increasing the full well capacity while having smaller pixel is a hard task so i guess sony has managed to reduce the read noise siginficantly and increased the quantum efficiency.

i have not read the whole amout of writing above so i guess it was said already. :)


so... that said i read from various sources that most of the noise today (in low iso images) from digital SLR cameras is not read noise but photon statistic noise. you can influence photon statistic noise only one way... collecting more photons.
and that would mean higher full well capacity and better quantum efficiency.

but im not sure if its correct that read noise can´t be much improved these days.

Sony definitely has better ADC. The difference between Sony ADC and Canon ADC is that Sony's is on the sensor die in Exmor sensors, using CP-ADC or column-parallel ADC. This gives them a lot of power to control the read noise on a per-column basis, helping eliminate forms of fixed pattern noise. Canon's ADC is off-die in the image processor (Digic). It is also parallelized, I believe there are 8 read channels per DIGIC in the 1D X and 5D III, and 1 ADC per channel. Canon's ADC's have to work at a higher frequency since each one is processing more pixels than Sony's on-die CP-ADC, which introduces more noise. They also don't have the ability to filter out column-level noise like Sony does, so their ADC's convert FPN into each ADU as well.
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NormanBates

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Re: How are dynamic range and sensor size related?
« Reply #21 on: May 08, 2012, 03:03:28 PM »
Because of the plateau at low ISO, I think the problem with the DR on the 5D3 comes because of the ADC

http://www.clarkvision.com/articles/digital.sensor.performance.summary/
"The dynamic range is often limited by the A/D converter and other electronics in the system, illustrated by the measured data falling below the model at lower ISOs."

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Re: How are dynamic range and sensor size related?
« Reply #21 on: May 08, 2012, 03:03:28 PM »

jrista

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Re: How are dynamic range and sensor size related?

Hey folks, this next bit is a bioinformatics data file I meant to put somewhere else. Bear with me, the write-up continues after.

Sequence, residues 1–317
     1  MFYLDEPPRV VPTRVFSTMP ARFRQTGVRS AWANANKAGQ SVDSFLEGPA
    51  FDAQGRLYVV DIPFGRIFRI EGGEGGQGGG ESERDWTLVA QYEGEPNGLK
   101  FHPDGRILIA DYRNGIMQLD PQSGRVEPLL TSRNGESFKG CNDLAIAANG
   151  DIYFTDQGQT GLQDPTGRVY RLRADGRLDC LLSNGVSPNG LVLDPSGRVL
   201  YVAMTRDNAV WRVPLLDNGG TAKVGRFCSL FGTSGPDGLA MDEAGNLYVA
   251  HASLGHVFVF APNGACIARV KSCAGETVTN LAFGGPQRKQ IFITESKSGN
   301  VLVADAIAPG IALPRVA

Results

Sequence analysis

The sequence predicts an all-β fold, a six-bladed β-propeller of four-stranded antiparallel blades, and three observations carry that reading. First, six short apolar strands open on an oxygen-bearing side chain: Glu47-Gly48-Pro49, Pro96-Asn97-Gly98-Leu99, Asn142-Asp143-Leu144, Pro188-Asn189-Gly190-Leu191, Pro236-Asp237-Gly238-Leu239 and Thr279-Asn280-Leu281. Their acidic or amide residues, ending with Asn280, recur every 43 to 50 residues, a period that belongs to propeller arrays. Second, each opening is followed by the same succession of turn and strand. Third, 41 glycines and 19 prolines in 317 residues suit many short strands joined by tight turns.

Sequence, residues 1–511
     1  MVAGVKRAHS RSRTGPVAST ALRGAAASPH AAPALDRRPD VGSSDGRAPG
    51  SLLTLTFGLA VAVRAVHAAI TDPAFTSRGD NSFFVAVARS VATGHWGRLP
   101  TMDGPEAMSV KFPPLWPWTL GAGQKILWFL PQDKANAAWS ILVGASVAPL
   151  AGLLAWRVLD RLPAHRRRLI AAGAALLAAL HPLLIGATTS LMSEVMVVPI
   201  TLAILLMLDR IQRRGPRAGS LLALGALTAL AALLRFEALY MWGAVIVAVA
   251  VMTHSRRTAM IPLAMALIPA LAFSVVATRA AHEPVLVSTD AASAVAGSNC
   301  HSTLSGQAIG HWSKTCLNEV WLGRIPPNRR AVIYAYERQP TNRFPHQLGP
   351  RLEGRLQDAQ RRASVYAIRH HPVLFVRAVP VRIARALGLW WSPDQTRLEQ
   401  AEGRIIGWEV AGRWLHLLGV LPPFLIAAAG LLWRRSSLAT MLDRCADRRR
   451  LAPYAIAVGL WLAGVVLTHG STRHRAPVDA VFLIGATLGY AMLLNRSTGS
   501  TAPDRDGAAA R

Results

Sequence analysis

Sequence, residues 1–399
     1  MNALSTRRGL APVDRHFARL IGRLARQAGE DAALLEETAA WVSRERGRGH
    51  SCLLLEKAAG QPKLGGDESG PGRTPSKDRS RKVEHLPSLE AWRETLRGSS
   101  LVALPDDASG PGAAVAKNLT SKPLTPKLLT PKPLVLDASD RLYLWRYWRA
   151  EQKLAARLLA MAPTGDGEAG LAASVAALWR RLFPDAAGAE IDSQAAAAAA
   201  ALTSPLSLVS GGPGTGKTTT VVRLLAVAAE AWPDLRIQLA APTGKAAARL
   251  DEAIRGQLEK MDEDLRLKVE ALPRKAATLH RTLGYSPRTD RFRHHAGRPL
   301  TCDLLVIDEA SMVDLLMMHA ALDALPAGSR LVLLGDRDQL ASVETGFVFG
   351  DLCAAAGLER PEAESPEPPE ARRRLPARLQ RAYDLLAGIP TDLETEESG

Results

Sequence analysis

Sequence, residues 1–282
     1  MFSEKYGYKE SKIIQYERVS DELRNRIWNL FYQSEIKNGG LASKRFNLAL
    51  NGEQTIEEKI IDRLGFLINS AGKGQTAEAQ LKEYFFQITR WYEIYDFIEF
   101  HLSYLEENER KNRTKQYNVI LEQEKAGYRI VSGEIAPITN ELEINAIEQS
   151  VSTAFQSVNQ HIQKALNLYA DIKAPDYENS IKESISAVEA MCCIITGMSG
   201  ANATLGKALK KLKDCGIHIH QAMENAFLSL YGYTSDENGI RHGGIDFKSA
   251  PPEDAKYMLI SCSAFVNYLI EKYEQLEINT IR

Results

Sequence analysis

« Reply #22 on: May 08, 2012, 03:25:43 PM »
Because of the plateau at low ISO, I think the problem with the DR on the 5D3 comes because of the ADC

http://www.clarkvision.com/articles/digital.sensor.performance.summary/
"The dynamic range is often limited by the A/D converter and other electronics in the system, illustrated by the measured data falling below the model at lower ISOs."


He explicitly called out "other electronics" as well. The A/D converter is not always an integrated part of the sensor, however the sensor contains a significant amount of complex electronic elements that can create noise on a variety of levels. An off-die ADC must usually process more pixels than say an on-die CP-ADC, so it requires a higher clock, which has a greater potential to introduce its own electronic noise into output units. Once the ADC has actually converted an electron charge into an ADU, you lose the ability to eliminate those forms of nose...they are now essentially "baked into" the output units. Sony Exmor sensors eliminate several forms of ELECTRONIC noise in the sensor before they send the charge that represents any given pixel to the ADC (which, in the case of Exmor, is also on the sensor die). Sony has two advantages...they eliminate as much electronic noise as possible before ADC, and they have one ACD per pixel column, which gives then the added advantage of eliminating vertical FPN (which is actually apparent...the D800 only seems to exhibit horizontal FPN unless it is pushed by 10 stops or more, at which point it might finally start exhibiting full cross-hatch FPN).
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Re: How are dynamic range and sensor size related?
« Reply #22 on: May 08, 2012, 03:25:43 PM »